There is so much diamond “education” available today that, after reading it, you may think that all diamonds of the same grade and size are identical and that diamonds are just like any other commodity. The lowest price is the best buy. “A rose by any other name…..”
It would be a mistake to purchase a diamond based solely on a certificate and place it in a “shopping cart.”
I don’t consider the purchase of a diamond to be an e-commerce item and I don’t recommend anyone just selecting a diamond and putting it into a shopping cart for purchase.
A certificate and statistics are only a clinical description of a diamond, and they do not necessarily reflect the beauty or desirability of a diamond. For example, two diamonds may have the same certificate grade of, let’s say, F color and SI2 clarity. However, they can, and often do, differ in the “quality” of their grades. One may be a strong F color — close to an E color — and the SI2 clarity grade close to an SI1, while the other can be much weaker in both categories. In fact, the nature of a diamond’s actual clarity, as opposed to its clarity “grade” may make a lower graded diamond more desirable than a higher graded diamond and save you money. This may be true even if both diamonds are graded by the same gemological laboratory (for example, both GIA) and especially true with diamonds graded by different laboratories (for example, GIA vs. EGL). Although cut measurements may also be similar, the intrinsic brilliance and beauty can, and often do, differ since each diamond has its own individual identity and character. The value and investment desirability will therefore vary.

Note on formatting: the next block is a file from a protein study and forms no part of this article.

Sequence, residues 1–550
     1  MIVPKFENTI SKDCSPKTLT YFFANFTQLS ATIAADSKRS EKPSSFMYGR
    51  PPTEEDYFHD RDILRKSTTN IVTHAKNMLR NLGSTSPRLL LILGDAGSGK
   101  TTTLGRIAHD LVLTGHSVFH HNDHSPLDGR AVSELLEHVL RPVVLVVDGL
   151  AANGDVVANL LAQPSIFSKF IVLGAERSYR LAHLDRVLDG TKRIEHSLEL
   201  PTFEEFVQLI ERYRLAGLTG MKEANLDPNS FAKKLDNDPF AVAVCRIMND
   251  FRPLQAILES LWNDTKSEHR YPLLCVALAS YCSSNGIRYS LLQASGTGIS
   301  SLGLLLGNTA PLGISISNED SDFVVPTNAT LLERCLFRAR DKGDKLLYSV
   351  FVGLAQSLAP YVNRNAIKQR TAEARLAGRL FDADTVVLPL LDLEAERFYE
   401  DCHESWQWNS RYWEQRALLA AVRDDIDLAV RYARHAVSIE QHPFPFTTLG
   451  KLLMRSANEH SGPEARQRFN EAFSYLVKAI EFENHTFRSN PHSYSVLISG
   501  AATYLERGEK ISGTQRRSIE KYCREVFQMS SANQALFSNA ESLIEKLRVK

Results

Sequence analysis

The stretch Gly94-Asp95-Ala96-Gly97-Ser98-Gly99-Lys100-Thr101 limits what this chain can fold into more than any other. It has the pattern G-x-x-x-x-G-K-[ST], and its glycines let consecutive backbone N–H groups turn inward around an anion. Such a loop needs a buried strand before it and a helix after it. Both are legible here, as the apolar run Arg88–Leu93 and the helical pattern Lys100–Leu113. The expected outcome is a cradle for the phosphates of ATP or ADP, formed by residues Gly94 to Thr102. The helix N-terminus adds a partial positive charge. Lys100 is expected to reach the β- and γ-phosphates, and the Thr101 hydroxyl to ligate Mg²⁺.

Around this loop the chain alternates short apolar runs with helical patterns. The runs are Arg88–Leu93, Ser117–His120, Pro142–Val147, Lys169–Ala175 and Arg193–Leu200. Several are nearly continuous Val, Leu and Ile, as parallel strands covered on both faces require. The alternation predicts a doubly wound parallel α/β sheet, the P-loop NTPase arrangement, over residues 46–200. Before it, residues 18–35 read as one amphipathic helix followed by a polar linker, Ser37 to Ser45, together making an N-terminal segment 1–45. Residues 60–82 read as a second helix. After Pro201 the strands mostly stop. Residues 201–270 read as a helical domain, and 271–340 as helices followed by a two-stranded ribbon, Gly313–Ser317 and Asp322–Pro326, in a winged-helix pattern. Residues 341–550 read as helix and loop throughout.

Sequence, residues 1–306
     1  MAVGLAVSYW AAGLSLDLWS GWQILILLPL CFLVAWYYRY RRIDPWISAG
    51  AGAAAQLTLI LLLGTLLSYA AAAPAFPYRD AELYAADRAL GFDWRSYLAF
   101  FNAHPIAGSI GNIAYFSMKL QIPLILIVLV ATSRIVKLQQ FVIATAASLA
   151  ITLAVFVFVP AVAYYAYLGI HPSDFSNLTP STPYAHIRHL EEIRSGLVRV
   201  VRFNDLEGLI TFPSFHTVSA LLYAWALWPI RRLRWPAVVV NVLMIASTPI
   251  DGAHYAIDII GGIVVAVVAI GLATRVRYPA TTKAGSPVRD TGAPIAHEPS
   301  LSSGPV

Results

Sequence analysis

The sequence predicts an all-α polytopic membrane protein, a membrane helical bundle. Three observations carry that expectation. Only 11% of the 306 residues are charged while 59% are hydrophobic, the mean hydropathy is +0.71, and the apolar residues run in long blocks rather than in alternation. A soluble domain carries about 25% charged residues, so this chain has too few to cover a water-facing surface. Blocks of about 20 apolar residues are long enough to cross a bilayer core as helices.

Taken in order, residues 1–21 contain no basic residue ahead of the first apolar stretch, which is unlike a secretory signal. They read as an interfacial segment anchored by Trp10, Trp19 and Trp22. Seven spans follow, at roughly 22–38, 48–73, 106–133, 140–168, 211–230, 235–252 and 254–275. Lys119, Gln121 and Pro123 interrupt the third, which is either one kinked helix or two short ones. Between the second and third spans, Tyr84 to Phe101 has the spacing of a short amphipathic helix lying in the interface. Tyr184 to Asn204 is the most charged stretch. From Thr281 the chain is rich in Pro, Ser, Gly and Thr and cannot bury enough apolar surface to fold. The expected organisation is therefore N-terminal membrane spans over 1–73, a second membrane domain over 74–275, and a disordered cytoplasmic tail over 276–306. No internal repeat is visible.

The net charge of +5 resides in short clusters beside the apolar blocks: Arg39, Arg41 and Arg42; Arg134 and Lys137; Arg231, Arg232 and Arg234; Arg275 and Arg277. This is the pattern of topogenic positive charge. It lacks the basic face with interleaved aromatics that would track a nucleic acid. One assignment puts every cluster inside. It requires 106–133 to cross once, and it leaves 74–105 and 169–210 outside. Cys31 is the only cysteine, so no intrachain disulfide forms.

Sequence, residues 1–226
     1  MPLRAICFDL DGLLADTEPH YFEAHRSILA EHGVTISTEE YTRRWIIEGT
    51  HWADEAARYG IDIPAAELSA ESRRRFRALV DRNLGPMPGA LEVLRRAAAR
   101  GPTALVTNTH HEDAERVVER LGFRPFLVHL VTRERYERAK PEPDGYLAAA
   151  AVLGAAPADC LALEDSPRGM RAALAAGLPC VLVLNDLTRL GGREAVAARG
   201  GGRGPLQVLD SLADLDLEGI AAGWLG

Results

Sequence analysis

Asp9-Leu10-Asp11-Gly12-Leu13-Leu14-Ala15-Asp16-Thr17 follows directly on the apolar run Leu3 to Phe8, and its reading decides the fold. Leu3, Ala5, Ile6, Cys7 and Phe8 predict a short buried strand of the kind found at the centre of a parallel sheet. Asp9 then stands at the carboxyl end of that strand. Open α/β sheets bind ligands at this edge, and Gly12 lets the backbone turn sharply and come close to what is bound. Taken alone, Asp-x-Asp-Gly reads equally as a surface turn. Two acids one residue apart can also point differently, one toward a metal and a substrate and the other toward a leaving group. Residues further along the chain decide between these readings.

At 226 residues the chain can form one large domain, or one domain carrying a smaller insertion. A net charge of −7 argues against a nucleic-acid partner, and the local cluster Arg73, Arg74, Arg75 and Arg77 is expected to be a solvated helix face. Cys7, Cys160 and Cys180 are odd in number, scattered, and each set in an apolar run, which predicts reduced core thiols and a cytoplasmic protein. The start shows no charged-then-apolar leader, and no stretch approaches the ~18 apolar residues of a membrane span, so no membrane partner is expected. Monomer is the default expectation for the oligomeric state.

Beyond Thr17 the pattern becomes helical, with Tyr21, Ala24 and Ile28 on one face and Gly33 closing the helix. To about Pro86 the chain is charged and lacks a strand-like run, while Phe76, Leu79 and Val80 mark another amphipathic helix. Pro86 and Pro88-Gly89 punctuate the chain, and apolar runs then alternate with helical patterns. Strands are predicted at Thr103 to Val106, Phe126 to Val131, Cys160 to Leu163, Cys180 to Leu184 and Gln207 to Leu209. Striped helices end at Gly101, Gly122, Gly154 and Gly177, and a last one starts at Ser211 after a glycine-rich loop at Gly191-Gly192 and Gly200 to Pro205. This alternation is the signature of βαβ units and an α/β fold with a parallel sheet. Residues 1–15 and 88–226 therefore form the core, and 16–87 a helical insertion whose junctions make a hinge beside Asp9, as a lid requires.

The idea that a diamond is a “commodity” and that all you have to do is find the best grade at the lowest price to assure yourself of a great deal, is a recipe for the purchase of an undesirable diamond. In addition, the current wave of “branded” diamonds is nothing more than an advertising attempt to sell a diamond at a higher price. What counts is what the diamond really is, not what name you give it.
For generations, before the internet and grading laboratories, and still today, those who invest their own money in diamonds, understand what makes a diamond a pretty and desirable diamond worth investing in, and what diamond is not worth owning, despite what the statistics or advertising brand name may say.
Only a trained, experienced professional who invests his own money in these decisions is suitable to guide you. If that source also has an on-line presence, he/she should not be encouraging you to purchase a diamond without speaking with you and describing the diamond to you.
I am not saying that you should not search for and buy your diamond on-line. To the contrary, on-line sellers definitely do work on a lower mark-up than brick and mortar stores. What I am saying is that you have to find the right on-line seller to work with — one that puts their own money into their inventory and who can explain the differences in various diamond — so that you can assure yourself that you are not only getting a “good deal” but a desirable diamond as well. A fair price (not the lowest price) for a great diamond IS a great deal!!
More to come. In the meantime, Mind Your Diamonds!